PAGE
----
In the consumer products markets, Oldfields faces considerable competition from a range of painting tools and accessories manufacturers. As far as its Treco range of sheds, aside from the extra costs associated with having its production base in Australia, new competitors have emerged over the past two years. In particular, Globel Industries sells sheds that are produced in China and have what some regard as a marked similarity to those produced by Oldfields. The company has moved to counter these competitive forces in 2017 by starting to offer the sheds for sale directly online.

There are three stages companies transitioning to overseas production typically go through: consolidation of operations, either through divestment of non-core activities, and/or reorganisation and reduction of administrative and other costs, as they cut staffing; development of new and innovative products to better suit a changing market, which are then manufactured overseas; and the marketing of those products, as they seek to both emphasise the long-established advantages of their brand, while also building on its new capabilities.

Oldfields is about to embark on the third part of its transformation process. With costs clearly in hand, the company has developed new ranges of products, including brushes. It is currently developing new channels to market, and further enhancing its brand image.

The key to these developments is its ongoing work in product innovation. Oldfields is, in particular, making a strong push into the painting brush market. Its approach has two parts to it.

The broader part of this approach is to present an overall simplified range of brushes. These break down into three areas: The "Classic" brush aimed at DIYers; the "Tradesman" brush aimed at tradies for whom painting is a part of their work; and the "Pro" brush for professional painters.

All three of these brushes have been improved over previous Oldfields brushes. The Classic comes in a total of 12 varieties, with six sizes of wall brush running from 25mm to 88mm, and two sized each of sash cutter, angle sash, and oval cutter. These brushes are made from 100% PET filament (polyester). Oldfields states that the pulling force on the brush has increased from 325g to 715g, paint load increased from 26g to 31g, and paint release increased from 15% to 32%.

The Tradesman brush range comes in a total of 12 varieties, including five wall brushes ranging in size from 38mm to 88mm, three sash cutters from 50mm to 75mm, two angle sash brushes, and two oval cutter brushes. The brushes are made from 70% PBT and 30% PET, providing a different brush feel from the Classic. Oldfields claims the pulling force has been increased from 518g to 546g, the paint load increased from 20g to 30g, and paint release from 30% to 37%.
The Pro brush

It is the third brush type, the Pro Series, that really reveals the second direction in which Oldfields is heading. While the other two ranges continue many of the company's past efforts, with improvements, the Pro indicates a more defined and genuinely new direction. Oldfields has spent a good deal of time and expertise coming up with what it considers to be an "ultimate" brush. It has developed its own filament material, which it calls E4 Mark II, which it claims has a number of significant advantages, including "maximum paint hold and release" and "continuous solid coverage". There are four sizes of wall brush that are square cut, but the rest of the range - three sizes of wall brush, three sizes of sash cutter and two angle cutters - are all oval shaped.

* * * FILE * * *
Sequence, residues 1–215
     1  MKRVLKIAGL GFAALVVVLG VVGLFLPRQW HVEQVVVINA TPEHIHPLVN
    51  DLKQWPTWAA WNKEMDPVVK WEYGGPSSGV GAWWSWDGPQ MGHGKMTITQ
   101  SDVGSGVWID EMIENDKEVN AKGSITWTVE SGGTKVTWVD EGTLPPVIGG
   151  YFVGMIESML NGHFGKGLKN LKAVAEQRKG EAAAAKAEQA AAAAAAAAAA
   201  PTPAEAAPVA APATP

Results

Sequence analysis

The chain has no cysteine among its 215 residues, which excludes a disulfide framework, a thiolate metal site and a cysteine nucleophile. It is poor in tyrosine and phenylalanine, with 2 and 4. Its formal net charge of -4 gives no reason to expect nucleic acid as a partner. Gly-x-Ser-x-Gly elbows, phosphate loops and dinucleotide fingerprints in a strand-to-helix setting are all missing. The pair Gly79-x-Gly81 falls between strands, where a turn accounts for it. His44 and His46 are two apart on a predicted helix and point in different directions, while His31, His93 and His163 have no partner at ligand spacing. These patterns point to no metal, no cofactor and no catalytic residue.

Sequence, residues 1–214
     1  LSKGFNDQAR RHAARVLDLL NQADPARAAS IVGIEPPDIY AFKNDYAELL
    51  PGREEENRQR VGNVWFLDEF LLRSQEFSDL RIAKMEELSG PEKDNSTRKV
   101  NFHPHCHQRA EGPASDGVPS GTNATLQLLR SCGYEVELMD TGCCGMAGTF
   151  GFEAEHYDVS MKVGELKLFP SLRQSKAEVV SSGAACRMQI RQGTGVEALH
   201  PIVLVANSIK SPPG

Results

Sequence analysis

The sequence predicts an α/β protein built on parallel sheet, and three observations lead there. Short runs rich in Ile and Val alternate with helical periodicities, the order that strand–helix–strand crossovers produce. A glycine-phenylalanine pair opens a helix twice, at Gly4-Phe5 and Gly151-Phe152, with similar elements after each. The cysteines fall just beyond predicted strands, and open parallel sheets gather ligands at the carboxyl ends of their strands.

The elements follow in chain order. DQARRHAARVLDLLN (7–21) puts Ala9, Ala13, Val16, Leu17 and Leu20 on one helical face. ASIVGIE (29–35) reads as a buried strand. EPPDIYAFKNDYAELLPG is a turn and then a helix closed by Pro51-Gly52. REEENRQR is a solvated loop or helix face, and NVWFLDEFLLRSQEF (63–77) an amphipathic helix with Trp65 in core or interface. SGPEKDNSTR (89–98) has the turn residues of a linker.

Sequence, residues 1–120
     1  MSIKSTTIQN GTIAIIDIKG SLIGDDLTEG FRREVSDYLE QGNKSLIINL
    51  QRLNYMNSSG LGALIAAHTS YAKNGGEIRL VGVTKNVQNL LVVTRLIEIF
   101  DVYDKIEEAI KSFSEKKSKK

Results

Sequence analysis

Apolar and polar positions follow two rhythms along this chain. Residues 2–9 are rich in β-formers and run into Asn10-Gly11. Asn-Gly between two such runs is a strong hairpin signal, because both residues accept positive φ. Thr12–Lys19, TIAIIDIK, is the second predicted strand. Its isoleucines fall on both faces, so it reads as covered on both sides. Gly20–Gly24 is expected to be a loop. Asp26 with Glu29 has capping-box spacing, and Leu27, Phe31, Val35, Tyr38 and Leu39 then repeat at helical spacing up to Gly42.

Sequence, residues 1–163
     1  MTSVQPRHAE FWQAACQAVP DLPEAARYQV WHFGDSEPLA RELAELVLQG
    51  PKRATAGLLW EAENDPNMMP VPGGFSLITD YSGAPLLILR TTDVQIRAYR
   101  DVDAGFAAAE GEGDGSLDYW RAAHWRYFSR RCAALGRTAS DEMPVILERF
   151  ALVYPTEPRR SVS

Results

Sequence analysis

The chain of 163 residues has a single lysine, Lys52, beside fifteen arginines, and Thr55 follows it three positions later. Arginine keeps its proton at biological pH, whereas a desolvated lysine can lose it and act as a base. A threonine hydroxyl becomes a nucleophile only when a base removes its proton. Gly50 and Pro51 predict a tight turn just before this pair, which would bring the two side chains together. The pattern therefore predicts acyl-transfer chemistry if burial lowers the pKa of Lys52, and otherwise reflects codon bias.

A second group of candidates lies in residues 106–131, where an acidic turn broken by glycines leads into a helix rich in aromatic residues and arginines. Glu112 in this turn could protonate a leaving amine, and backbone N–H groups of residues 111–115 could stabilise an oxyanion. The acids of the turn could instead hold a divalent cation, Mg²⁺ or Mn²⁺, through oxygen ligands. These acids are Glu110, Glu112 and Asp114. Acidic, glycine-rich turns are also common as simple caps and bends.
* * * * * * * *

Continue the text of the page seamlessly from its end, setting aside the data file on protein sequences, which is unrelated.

Very clearly what Oldfields is doing (in part) with this market move is supplying a range of independent stores - both hardware and paint specialists - with brushes that will at least equal if not exceed the quality of brushes supplied by Austbrush's Monarch brand (among others). This is a very clever move, as it provides a strong, non-Bunnings brand, and a point of clear difference for small suppliers.

As part of this push into new product lines, it has become more important than ever before that Oldfields engages with marketing on two levels, both direct to the actual users of the product, and to the retailers who will be selling to those users.

Certainly the initial efforts the company has made show true promise. HNN attended an event held in Melbourne to help launch the new ranges of paint brushes (another event was held in Sydney). It was a smaller mid-sized event, which gave a select group of retailers and some end-users the chance to get to grips with the new range. There were sample packs of the brushes, and also an opportunity to try them out by using the painting station (complete with smocks) that Oldfields supplied.

It's an intelligent way to begin the marketing push, and it brings Oldfields staff into direct contact with elements of the market, and gives them a chance to get direct feedback on the brushes themselves, but also on how the audience responds to the marketing effort.

In terms of the marketing, Oldfields is faced with a familiar dilemma. On one hand with an over 100 year history in Australia, the company wants to stress the strength of its heritage. On the other side, the new paint brushes are the result of considerable modern technology being brought to bear.

Combining those two messages is difficult, and Oldfields is still experimenting with this. However, there are good signs in terms of marketing collateral such as brochures and advertisements, that the company is well on its way to developing a brand identity suited to the current market.

In the somewhat hard cold world of stockmarkets it's to be expected that companies will be judged purely on the basis of numerical performance. However, it does seem to HNN that there should be room in the hardware industry itself to consider other elements of a company. Companies like Oldfields (and GWA Group) really did spend time, money and effort trying to retain their Australian workforces, and only gave up when it became evident this would not succeed. That they have managed to reorganise, and to build on their major strengths - product design, servicing of clients, and marketing - is something that really does deserve to be acknowledged.
HNN Sources